So far, I’ve been only talking about how good I feel about writing, what a wonderful feeling it is to be a writer, and I guess I contributed to creating an image of writing as something that is just unicorns and rainbows. “Just try it,” I said, “and you will see how much fun it is.” Well, I had a pretty intense week, and I’m currently in a self-criticizing mood, so my writing looks horrible to me. Therefore, I decided to write today’s blog post about things I hate about writing.
– When I’m writing and get a brilliant idea, which I decide to write down only after I finish a certain paragraph, and then I forget about the brilliant idea.
– When friends and relatives never read what I write, but try to encourage me, saying things like, “Oh my, you’re such a skilled writer, you should have more faith in yourself!”
– When I ask for some critique (and I mean it, constructive critique is so important), but people avoid saying negative things by all means, and when I insist I need to hear what is wrong with my writing, they start dodging even more. Do I look like Mike Tyson who would punch them in the face, or what?
– When I get stuck in the middle of a chapter for which I have a detailed plan, and cannot move on for no reason. I have no idea why it happens to me, but sometimes it’s incredibly annoying.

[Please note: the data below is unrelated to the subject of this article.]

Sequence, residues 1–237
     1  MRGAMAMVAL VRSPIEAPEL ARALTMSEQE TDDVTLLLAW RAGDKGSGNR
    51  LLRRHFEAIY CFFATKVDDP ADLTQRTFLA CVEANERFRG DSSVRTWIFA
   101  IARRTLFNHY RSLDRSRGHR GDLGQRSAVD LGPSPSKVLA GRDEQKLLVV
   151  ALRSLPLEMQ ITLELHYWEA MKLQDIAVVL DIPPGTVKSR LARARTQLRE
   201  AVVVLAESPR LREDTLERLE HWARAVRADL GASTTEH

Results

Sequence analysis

– When I write a story the whole night, go to bed when the sun is up already, have bad sleep, wake up at 4 p.m., reread my story, and discover that it does not make any sense.
– When I ask people to not disturb me because I am going to write, and they still ask me things, enter my room, wander around, and speak to me in loud voices, as if they were thinking that, “Writing ain’t no big deal, a little distraction won’t hurt, why not ask him one more question and then make some noise?” And, I also hate how easy it is to distract me.
– When I have a bright idea (again) and then discover that another author has already written about it. And I hate even more when it turns out that that book is written exactly the same way I would have written mine.
– When I have to look for publishing opportunities for years.
– When I suddenly start to write like a three-year-old boy who has taken a pen in his hands for the first time.
– When I must write something (an article or whatever else) and at that point, writing is the last thing on Earth I’d like to do. But since I have to, I write and my writing is horrible, and I know it.
– When I forget to save my work.
– When… okay, there is much more to write about.
As you can see, I am not a zealous follower of The Cult of Writing. I have my bad days, my misfortunes, and my flaws. Writing can be nerve-racking and exhausting for me. But you know what? If someone asked whether I’d like to do something else instead of writing, I would say no.
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